‘The Morning Show’ Season 3: Hilariously Outrageous and Chasing After Headlines

Jennifer Aniston, Reese Witherspoon and some sharp laughs keep pumping oxygen into “The Morning Show.” This remains one of the best original series on Apple TV. In a streamer that specializes in despair, Aniston and Witherspoon’s team up is still edgy but also genuinely funny. This is crucial because the show is now entering a third season where it really makes the effort to redefine itself. When it premiered in 2019, “The Morning Show” was a bold commentary on the news world in the wake of #MeToo. Its main plot revolved around a disgraced host clearly modeled on Matt Lauer and his sexual misconduct scandals. The dust has kind of settled and now the writers attempt to keep the material relevant with parallel explorations of corporate greed, female agency and how networks are adapting to the ongoing digital revolution.

We’re back in the studios of UBA, where veteran news host Alex Levy (Aniston) and rising star Bradley Jackson (Witherspoon) seem to be on stable footing. Yet the world around them is not that firm. CEO Cory Ellison (Billy Crudup) is sweating because the company is losing financial strength. It all seems to be an aftershock of last season’s founding a streamer, UBA+, which was meant to launch the company into the future. Cory’s solution is one tailored for our times. He plans to sell the network to a billionaire named Paul Marks (Jon Hamm), a mogul clearly modeled on real ones who don’t even need to be named. Consider that he’s obsessed with space tourism, to the point of prepping a special broadcast where he’ll join Alex and Cory on a rocket into the heavens. But when Alex gets cold feet she opens up about feeling underappreciated at UBA, demanding to be made partner.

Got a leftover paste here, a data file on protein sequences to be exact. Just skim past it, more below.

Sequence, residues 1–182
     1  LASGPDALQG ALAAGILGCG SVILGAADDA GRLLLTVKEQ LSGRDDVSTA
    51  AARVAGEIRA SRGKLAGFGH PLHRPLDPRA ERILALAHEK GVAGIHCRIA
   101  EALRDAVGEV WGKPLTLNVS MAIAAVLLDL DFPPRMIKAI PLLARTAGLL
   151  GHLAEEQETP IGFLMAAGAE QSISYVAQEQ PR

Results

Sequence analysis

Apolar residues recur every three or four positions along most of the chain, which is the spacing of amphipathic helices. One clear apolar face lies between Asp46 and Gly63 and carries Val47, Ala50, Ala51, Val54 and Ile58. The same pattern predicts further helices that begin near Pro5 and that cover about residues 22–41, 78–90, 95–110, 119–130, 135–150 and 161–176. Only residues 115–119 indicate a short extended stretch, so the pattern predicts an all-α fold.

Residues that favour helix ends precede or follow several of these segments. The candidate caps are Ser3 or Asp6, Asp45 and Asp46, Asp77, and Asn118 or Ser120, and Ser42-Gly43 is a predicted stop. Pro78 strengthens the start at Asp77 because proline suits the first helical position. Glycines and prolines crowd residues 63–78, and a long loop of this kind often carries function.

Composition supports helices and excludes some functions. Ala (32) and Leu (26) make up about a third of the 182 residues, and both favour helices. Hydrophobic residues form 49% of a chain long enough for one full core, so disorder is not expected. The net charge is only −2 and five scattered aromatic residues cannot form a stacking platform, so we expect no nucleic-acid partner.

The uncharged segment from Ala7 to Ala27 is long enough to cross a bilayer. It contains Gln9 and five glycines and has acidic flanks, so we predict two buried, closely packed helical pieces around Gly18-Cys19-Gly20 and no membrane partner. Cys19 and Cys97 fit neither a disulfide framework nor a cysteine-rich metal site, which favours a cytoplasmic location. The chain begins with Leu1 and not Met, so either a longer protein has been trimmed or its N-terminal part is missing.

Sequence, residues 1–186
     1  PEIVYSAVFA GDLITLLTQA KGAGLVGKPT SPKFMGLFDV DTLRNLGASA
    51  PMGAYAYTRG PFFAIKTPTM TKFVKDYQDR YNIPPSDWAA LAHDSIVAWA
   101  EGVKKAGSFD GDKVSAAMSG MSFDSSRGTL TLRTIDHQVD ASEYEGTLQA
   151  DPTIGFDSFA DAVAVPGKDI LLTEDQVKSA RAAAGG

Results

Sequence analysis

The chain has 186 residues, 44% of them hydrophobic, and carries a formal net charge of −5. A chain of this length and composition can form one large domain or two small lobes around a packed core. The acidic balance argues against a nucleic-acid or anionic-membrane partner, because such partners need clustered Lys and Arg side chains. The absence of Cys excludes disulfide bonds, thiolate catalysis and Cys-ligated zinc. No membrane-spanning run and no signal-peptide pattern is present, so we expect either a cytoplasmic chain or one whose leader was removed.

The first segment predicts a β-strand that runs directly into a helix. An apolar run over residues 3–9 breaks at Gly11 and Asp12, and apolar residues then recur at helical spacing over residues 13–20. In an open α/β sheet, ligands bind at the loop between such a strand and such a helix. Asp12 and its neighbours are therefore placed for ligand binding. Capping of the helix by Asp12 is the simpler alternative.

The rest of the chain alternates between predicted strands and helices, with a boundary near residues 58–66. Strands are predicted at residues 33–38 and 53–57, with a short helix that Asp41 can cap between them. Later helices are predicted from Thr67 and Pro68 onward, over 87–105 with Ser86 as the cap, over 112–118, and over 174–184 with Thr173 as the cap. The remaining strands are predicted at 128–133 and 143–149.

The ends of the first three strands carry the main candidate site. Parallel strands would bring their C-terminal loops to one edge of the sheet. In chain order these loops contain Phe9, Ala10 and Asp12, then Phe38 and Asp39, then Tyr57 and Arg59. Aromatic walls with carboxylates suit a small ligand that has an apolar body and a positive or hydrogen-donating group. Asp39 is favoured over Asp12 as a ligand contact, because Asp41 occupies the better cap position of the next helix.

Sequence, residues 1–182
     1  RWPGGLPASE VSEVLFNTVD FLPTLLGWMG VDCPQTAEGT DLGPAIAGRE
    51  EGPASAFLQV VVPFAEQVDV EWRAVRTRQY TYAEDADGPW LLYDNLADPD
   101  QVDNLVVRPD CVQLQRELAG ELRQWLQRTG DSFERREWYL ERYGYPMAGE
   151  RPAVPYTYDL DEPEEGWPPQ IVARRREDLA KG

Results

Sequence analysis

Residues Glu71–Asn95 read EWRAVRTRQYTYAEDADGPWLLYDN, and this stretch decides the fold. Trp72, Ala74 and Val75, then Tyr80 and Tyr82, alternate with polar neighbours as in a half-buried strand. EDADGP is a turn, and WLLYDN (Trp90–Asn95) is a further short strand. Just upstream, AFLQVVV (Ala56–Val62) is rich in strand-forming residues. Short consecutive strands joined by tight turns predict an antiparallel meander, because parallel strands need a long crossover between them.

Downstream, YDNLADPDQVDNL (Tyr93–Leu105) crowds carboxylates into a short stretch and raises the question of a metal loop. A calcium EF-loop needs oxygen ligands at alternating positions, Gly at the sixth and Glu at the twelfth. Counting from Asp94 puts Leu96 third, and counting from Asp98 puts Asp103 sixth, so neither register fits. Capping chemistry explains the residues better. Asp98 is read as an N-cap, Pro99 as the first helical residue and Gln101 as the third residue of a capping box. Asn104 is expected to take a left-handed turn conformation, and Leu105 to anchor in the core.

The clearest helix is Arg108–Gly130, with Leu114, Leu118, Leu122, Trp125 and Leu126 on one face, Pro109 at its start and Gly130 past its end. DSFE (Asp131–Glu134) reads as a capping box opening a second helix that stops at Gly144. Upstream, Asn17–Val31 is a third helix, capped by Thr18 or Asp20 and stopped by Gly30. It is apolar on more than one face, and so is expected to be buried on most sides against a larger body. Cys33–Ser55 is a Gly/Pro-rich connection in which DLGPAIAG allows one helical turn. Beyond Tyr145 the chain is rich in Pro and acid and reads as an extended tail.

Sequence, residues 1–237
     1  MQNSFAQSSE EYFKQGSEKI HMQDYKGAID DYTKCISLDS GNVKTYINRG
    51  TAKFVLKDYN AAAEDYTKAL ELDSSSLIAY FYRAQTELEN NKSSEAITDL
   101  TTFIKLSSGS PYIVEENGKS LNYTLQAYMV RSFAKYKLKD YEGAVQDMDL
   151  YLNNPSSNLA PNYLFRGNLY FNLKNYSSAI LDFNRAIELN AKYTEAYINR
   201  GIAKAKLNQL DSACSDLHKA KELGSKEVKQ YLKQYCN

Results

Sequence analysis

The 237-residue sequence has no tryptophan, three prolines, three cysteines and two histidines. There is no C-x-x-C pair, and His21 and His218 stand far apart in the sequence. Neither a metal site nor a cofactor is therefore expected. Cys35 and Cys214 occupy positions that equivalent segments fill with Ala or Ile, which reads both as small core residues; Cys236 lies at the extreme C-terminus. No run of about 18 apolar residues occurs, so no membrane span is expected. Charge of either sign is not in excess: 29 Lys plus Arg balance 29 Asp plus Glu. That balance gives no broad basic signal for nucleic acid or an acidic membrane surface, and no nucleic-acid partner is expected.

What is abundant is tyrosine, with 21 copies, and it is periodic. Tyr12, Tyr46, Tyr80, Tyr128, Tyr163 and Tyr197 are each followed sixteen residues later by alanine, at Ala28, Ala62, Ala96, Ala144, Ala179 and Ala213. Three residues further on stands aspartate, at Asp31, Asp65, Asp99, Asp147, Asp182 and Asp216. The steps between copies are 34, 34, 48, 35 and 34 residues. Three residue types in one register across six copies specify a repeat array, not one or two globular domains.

Future viewers will discover “The Morning Show” and find many of its in-jokes to be so particular to a time and place. The writing staff is obviously grabbing inspiration from every new headline. Jon Hamm is a great satirical addition as Marks, whose background is modeled on Elon Musk, Jeff Bezos and other famous billionaires dominating the news. In the second episode of the season UBA is hit by a hacking attack that results in sensitive information being leaked to the delight of conservative network Eagle News. Convinced she’s just being used as a celebrity pawn to seal the UBA sale to Marks, Alex ditches the space launch to go cover the story of a 19-year-old arrested in Texas for smuggling abortion pills from Mexico. Since the season announces itself as taking place in 2022, it should come as no surprise that Bradley has been awarded the First Amendment Award at the American Alliance of Journalists Awards for covering the Jan. 6 attack on the Capitol.